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There’s More to Giving Christmas Gifts

by Jewelle Mendoza-Reyes


During my childhood, I grew up in a tradition of receiving a gift from “Santa Claus.” I was probably six when my mom and my sisters started conniving to make me believe that Santa Claus will drop by our place to leave my gift while we were all out for the Christmas Eve mass. I commend them for their efforts to make it more believable like setting up props. One time, upon arrival from the church, I remember finding a half-filled glass of soda left on our dinner table. And so I innocently thought, “Maybe Santa got thirsty along the way!”


I was in my 6th grade when they finally revealed the truth about the jolly white-bearded man dressed in a red suit. Being the youngest of four, I am the last recipient of this family custom. I would say that the tradition, which ran for six long years, was part of the fun of my childhood and growing up!

As I grew older and had a job, I developed a personal gift-giving tradition. As early as September, I would start buying Christmas gifts for family, colleagues, and friends. Perhaps like Santa, I keep a loooong list of my giftees: from guards, messengers, telephone operators, office staff, warehouse personnel to managers; from community leaders to ministry friends; from parents, siblings, in-laws to youngest grandchildren. I have to keep my list in an Excel sheet for easy monitoring!

Gift-giving at Christmas time has become our inevitable gesture. It’s like our second nature! Come to think of it, we give a gift to at least one person year after year. Regardless of the size or value, we will always have something to hand to someone.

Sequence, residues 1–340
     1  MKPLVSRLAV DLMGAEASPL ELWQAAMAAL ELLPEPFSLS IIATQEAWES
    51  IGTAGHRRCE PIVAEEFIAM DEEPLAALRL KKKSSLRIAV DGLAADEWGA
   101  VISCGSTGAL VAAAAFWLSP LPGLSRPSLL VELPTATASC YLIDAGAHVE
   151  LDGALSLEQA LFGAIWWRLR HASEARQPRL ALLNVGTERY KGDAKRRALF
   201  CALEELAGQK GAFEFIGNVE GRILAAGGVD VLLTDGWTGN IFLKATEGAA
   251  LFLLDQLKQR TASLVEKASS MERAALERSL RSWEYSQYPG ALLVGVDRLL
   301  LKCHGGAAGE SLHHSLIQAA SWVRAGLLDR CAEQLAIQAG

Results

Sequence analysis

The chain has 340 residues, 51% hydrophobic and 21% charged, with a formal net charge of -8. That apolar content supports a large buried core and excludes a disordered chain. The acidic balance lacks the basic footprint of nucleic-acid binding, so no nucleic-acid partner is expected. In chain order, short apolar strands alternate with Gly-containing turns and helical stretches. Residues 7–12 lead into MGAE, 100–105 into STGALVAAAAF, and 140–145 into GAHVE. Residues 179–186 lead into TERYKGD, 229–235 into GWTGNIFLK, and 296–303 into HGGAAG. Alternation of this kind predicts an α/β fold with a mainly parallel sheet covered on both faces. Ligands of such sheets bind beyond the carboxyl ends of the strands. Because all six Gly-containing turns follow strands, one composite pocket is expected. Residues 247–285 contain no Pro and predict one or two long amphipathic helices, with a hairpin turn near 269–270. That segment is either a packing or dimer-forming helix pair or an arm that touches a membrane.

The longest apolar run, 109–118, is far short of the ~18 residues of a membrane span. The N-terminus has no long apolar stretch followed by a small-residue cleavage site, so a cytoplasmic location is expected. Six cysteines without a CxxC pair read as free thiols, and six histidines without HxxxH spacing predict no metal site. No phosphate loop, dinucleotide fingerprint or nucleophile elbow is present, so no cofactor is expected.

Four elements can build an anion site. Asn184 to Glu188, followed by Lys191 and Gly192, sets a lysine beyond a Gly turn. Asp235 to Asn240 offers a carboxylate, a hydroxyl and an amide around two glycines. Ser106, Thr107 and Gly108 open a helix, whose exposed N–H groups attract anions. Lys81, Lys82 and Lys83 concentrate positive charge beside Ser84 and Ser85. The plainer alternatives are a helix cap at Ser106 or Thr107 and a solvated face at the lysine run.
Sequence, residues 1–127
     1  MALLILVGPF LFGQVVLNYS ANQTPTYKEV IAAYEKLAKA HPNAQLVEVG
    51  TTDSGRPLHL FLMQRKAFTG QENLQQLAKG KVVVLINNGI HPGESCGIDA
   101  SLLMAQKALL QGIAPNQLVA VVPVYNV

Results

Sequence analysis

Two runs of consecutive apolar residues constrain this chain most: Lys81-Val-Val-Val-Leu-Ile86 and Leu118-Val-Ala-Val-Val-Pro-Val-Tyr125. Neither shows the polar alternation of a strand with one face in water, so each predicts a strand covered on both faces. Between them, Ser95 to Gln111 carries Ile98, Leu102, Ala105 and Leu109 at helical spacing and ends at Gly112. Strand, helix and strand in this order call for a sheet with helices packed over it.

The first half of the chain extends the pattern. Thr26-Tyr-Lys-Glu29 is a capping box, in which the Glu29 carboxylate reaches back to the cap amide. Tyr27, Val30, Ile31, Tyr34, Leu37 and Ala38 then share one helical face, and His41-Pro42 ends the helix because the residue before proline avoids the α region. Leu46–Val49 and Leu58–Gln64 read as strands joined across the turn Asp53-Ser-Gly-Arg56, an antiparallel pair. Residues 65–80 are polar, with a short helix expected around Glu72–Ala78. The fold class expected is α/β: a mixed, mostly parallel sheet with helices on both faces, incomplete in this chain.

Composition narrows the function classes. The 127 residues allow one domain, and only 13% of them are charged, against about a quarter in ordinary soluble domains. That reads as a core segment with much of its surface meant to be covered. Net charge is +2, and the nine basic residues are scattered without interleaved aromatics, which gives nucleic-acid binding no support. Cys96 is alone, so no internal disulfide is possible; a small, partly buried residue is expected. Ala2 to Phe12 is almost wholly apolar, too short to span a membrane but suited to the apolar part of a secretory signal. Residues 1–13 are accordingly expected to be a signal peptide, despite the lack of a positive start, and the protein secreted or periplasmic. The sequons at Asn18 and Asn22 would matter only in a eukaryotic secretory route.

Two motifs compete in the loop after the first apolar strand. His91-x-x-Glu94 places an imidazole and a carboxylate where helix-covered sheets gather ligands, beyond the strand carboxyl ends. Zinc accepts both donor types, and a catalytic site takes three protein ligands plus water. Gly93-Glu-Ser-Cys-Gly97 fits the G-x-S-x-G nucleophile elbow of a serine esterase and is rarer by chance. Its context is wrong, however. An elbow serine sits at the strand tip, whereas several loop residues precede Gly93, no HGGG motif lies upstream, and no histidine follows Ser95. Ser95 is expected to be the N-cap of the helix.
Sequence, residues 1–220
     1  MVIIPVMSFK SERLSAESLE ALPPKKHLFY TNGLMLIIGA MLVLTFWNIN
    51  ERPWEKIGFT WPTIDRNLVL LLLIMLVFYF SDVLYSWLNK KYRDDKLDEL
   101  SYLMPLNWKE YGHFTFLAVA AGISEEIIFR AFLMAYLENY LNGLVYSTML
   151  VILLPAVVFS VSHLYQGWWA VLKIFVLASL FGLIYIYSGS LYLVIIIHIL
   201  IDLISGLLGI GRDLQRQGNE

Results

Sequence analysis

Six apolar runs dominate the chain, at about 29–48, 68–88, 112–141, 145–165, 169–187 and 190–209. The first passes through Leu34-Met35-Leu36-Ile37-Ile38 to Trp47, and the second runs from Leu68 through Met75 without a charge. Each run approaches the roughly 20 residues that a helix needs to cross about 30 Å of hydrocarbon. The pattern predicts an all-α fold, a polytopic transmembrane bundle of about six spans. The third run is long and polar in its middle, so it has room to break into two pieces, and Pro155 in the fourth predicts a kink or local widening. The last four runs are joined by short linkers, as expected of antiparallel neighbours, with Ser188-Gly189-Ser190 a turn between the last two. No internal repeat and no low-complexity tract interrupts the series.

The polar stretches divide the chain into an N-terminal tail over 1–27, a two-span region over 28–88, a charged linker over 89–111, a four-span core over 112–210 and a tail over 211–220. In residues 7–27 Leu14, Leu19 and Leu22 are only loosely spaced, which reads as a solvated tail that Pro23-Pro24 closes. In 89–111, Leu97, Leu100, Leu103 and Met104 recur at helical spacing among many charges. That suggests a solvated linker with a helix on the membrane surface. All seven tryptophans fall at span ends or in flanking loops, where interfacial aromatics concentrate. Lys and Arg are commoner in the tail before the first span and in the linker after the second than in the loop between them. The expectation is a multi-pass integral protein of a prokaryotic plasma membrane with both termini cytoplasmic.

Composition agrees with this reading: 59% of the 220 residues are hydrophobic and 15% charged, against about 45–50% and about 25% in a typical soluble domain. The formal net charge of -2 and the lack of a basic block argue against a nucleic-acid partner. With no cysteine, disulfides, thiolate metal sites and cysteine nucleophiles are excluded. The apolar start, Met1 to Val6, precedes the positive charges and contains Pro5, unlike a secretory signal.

The tradition of gift-giving for us Catholics can be traced back to the Feast of the Epiphany, with the magi coming to worship the newborn King at Bethlehem. They offered him gifts of gold, frankincense, and myrrh. Perhaps that is why it works as the ultimate deadline for some Filipino Catholics when they are far behind their gift-giving.

Eventually, secularization commercialized this religious origin. Thus, the hustle and bustle of shopping malls and bazaars as early as November. People are running from store to store looking for the perfect gift. Along with the Christmas rush, anxiety about what to buy heightens.

In the face of all the consumerism around us, have we ever wondered why we actually give gifts? Is it because of the pressure of exchanging gifts at Christmas parties? Is it because of the 13th month pay giving you extra cash to finally buy a loved one a gift on his wish list? Is it to impress someone with the value of our gift? Is it to return a favor? Is it an expression of gratitude to someone? Or is it because you’ve found a much deeper sense of doing it?

Every year, my mother can’t help but ask me why I would buy a lot of gifts. Over the course of those years, and as my faith evolved, I figured that the deepest and most powerful reason for me is the three letters: J-O-Y.<